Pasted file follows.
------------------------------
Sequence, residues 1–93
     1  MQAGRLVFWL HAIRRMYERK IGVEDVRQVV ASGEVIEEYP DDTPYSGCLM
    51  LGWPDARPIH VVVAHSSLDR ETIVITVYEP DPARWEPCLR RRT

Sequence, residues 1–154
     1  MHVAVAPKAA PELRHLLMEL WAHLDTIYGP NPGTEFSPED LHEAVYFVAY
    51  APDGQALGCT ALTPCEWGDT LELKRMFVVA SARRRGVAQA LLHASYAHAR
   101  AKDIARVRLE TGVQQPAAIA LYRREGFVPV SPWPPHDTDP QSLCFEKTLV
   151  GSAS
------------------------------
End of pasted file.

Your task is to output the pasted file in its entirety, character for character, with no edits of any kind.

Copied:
Sequence, residues 1–93
     1  MQAGRLVFWL HAIRRMYERK IGVEDVRQVV ASGEVIEEYP DDTPYSGCLM
    51  LGWPDARPIH VVVAHSSLDR ETIVITVYEP DPARWEPCLR RRT

Sequence, residues 1–154
     1  MHVAVAPKAA PELRHLLMEL WAHLDTIYGP NPGTEFSPED LHEAVYFVAY
    51  APDGQALGCT ALTPCEWGDT LELKRMFVVA SARRRGVAQA LLHASYAHAR
   101  AKDIARVRLE TGVQQPAAIA LYRREGFVPV SPWPPHDTDP QSLCFEKTLV
   151  GSAS